4 Proofreading Tips

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When you’re almost finished with your novel revision, you must do the dreaded proofreading.

4 Proofreading Tips

  • On-screen. Take advantage of the word-processor’s capability for spelling and grammar. Run any and all programs you have for Spell checks and Grammar checks. Of course, these are limited, especially at finding typos: The tall cheerleader was the hart of the team.
    But Spell checks and Grammar checks are steps you shouldn’t neglect.
  • Printed copy. Some writers swear that skimming a ms backwards helps them spot the odd things. Or, give it to a friend or family member who hasn’t read it yet. Best, give it to a grammar witch, who will find everything because they can’t not.
  • Read aloud. Read aloud to the intended audience. I’ll guarantee you find places to edit not just grammar, but also voice. And maybe much more.
  • Listen to a read aloud. You can read the book into a tape recorder, video recorder, etc. Or, you can try a free text to speech program such as Natural Reader. It requires a .doc file, but then will read your text aloud. The free voices are a bit rough, but still very usable.

Whatever combination of approaches you take, do not send in your mss without proofreading! You will regret it.

What is your favorite proofreading tip?

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3 Comments
  • MaryKate
    June 23, 2008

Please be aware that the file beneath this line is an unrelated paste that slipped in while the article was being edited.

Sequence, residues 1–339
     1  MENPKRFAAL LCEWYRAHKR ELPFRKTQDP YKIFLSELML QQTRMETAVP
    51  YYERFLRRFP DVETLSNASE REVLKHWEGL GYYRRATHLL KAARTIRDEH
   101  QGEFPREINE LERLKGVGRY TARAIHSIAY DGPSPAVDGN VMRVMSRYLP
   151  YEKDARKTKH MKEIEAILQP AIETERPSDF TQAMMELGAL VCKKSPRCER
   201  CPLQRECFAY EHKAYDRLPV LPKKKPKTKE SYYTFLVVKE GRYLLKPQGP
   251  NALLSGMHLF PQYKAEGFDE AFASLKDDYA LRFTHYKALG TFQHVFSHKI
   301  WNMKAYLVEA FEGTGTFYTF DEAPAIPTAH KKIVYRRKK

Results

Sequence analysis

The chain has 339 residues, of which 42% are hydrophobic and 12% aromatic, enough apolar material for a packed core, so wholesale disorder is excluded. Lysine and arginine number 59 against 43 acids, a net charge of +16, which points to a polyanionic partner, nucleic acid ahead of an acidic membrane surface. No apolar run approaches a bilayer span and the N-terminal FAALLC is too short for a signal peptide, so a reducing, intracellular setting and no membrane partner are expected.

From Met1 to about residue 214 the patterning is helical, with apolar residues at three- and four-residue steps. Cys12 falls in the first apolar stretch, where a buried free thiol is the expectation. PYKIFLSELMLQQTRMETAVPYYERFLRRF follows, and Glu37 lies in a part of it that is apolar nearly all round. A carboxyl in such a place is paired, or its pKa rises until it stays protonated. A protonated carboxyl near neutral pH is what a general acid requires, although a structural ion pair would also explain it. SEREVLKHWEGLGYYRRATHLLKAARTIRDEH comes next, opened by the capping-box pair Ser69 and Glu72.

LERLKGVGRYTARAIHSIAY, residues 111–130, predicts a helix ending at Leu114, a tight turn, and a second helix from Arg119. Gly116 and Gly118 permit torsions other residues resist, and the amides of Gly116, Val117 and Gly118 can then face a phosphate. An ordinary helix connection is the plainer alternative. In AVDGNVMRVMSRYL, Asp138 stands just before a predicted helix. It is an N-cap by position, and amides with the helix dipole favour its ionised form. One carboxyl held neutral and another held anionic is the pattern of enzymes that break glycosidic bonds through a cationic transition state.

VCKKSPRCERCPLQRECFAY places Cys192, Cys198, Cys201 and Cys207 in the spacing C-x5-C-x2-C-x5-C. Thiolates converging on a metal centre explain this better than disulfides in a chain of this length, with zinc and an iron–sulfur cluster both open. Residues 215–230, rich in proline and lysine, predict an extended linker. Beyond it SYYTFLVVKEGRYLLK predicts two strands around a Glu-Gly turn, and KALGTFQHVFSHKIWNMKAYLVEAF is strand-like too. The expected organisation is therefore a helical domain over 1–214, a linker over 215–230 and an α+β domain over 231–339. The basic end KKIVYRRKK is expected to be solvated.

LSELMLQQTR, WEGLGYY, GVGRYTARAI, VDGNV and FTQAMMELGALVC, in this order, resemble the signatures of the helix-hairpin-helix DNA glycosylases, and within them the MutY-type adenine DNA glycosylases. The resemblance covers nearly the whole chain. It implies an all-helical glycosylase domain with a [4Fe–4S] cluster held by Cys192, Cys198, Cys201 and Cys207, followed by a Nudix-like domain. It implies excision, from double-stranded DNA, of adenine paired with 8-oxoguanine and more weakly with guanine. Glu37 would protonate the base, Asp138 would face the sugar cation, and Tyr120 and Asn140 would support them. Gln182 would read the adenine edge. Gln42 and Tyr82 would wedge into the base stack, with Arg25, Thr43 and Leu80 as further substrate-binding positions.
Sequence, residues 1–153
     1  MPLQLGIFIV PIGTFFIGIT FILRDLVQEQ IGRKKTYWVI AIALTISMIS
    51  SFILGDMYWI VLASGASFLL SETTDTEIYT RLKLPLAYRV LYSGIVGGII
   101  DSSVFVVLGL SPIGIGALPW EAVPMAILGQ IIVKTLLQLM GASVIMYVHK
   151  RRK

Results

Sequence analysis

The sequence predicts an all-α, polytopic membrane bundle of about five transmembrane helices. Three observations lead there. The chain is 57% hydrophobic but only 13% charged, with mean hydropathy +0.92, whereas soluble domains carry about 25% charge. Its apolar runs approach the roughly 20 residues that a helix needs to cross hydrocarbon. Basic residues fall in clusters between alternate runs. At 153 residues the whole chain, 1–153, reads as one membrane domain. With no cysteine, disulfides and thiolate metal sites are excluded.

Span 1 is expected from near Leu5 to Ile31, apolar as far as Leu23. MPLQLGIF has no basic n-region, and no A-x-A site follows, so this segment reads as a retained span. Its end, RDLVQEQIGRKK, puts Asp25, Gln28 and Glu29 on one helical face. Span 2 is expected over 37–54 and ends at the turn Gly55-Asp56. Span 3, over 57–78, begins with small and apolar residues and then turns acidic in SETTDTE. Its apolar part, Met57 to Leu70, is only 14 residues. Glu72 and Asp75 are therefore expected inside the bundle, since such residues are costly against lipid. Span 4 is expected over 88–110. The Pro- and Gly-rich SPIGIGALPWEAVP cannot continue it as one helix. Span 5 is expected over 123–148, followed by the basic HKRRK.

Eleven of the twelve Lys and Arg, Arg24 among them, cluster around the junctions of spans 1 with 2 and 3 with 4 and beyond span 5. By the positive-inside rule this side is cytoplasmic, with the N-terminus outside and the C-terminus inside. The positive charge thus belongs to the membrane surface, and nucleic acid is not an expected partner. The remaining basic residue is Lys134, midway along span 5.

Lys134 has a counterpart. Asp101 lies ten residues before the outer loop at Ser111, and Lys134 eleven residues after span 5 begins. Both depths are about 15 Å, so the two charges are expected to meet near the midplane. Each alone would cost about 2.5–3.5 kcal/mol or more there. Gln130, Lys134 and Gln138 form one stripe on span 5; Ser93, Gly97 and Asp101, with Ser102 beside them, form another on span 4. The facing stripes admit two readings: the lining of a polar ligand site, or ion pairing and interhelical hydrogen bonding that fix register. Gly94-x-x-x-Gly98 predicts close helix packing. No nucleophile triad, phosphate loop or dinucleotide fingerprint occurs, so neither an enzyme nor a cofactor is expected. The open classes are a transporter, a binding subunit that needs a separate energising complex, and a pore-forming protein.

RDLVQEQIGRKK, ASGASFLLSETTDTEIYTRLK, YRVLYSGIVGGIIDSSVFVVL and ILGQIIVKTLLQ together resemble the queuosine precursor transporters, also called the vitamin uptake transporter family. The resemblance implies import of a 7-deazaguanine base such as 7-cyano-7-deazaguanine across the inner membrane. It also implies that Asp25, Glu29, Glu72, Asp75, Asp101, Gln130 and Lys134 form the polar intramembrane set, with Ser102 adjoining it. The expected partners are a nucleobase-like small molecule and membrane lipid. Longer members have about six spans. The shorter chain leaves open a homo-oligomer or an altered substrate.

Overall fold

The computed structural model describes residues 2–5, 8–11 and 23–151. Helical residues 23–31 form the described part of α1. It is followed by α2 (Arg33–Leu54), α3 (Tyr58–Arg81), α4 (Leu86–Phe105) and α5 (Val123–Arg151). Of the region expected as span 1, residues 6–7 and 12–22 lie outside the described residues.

I love reading aloud for proofreading. The other thing I’ll do when I need to check spelling, homonyms, punctuation, etc. is to read the manuscript backward, either sentence by sentence or paragraph by paragraph (not word by word or letter by letter–I’m not quite that nuts!). Looking at the MS out of context like that keeps my brain from glossing over errors.

  • Kristin
    June 24, 2008

    I read my novels out loud to myself not once, but twice before I send them out. Why? Sometimes I’ll introduce a new error.

  • darcy
    June 24, 2008

    Hmmm. Reading aloud seems to be popular. I certainly learned the importance of it after my first book came out. I found myself reading aloud the first chapter as a teaser to many different groups. There were a couple places that I’d probably have revised — if I had read it aloud before it went to press. I keep that in mind now, as I find the time to do that essential step.

    Darcy